Rocketman 'is the bold, unflinching, honest film Bohemian Rhapsody could have been'
An alcoholic. A cocaine addict. A sex addict. A bulimic. And a shopaholic.
Rocketman charts the highs and lows of the life of rock 'n' roll legend Elton John. It is unafraid to delve into the dark moments of the rock star’s life but still capable of bursting into song in classic musical fashion.
Taron Egerton stars as a young Reginald Dwight, a misunderstood and relatively unloved piano prodigy who changes his name to Elton John and embarks on a life of rock 'n' roll, writing songs with his friend Bernie Taupin (Jamie Bell) and achieving fame and glory in his travels across America.
Although he isn’t the perfect Elton lookalike, Egerton flawlessly captures both the spirit and personality of the rock star in a wildly emotional performance, even gaining the appraisal of Elton himself. The same can be said for Egerton’s singing, which is impressively similar to Elton’s voice.
The most impressive aspect of this film, however, is director Dexter Fletcher, who brings an undeniable energy to an otherwise by-the-book biopic.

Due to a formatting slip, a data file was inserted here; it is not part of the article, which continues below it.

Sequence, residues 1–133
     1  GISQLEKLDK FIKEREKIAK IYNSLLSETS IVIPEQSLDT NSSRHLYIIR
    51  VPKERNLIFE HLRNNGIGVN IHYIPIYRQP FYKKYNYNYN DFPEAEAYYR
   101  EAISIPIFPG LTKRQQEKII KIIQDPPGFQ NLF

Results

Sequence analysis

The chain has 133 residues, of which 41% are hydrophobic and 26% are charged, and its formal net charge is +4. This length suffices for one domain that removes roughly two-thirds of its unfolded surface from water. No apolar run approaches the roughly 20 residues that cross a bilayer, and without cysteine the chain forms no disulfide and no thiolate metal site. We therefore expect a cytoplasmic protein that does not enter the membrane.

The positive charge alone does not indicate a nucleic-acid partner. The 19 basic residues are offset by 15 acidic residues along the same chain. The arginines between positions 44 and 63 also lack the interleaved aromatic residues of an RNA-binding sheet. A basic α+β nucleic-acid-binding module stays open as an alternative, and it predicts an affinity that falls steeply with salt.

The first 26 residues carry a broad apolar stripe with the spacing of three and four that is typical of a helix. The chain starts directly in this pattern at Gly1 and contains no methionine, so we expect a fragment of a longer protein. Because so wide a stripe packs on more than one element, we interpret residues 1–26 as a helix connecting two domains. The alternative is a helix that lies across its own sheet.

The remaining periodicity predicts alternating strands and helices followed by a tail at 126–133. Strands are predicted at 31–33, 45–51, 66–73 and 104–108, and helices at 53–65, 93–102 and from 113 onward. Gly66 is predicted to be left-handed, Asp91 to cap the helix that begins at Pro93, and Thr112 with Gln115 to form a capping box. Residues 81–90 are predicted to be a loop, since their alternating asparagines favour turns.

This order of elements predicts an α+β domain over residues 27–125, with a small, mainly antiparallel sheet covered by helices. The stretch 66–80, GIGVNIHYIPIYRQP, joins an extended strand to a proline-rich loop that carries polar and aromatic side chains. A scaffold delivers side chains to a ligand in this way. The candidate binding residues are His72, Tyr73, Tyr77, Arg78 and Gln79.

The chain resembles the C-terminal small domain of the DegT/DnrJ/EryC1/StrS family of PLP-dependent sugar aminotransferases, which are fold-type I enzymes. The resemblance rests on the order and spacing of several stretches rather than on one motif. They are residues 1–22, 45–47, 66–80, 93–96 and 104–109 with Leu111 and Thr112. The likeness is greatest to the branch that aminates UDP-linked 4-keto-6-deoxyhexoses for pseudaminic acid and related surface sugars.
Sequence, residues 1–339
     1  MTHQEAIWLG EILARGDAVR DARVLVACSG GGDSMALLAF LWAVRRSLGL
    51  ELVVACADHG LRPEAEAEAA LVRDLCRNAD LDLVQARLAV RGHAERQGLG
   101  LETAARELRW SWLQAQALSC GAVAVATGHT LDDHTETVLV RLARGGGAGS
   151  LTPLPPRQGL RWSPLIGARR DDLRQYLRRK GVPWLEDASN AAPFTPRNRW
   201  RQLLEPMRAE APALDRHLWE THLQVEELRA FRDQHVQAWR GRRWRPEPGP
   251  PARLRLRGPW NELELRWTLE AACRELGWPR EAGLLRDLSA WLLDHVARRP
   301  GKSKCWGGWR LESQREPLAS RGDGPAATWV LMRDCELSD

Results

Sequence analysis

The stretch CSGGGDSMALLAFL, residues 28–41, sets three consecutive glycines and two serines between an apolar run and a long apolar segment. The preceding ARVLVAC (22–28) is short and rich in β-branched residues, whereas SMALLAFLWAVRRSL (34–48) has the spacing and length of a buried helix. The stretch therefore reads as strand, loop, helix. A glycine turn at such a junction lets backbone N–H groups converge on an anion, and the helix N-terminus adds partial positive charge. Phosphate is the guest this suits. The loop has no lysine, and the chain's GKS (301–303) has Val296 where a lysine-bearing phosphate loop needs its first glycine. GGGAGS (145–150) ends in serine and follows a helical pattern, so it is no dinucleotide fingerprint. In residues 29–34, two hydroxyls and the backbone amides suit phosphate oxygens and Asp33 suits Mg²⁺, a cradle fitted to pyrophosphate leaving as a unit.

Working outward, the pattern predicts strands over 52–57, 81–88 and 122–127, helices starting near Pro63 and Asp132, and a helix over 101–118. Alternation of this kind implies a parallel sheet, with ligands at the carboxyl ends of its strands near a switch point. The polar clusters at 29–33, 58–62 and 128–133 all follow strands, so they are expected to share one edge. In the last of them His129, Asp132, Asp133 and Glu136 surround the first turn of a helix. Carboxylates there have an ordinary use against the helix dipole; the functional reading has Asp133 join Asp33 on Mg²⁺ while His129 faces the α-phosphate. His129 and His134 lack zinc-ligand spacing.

There are spectacular shifts into all-singing, all-dancing musical numbers, inventively intertwined with elements of fantasy. The influences of Gene Kelly and Ken Russell shine through, an unlikely synthesis at the heart of the film’s character, which brings about a striking inventiveness and ingenuity.
Rocketman explodes with colour, originality and a refreshing honesty about Elton John’s rollercoaster of a life.
Unsurprisingly, there have been many comparisons drawn between Rocketman and Bohemian Rhapsody, with Fletcher having salvaged the Freddie Mercury biopic after the sacking of Bryan Singer.
Both feature Oscar-worthy performances of rock stars struggling with their identity, with legendary musicians providing the jukebox to their films. Rocketman, however, is the bold, unflinching and honest film that Bohemian Rhapsody could have been.
Review: Charlie Hughes Star rating (out of 5) ****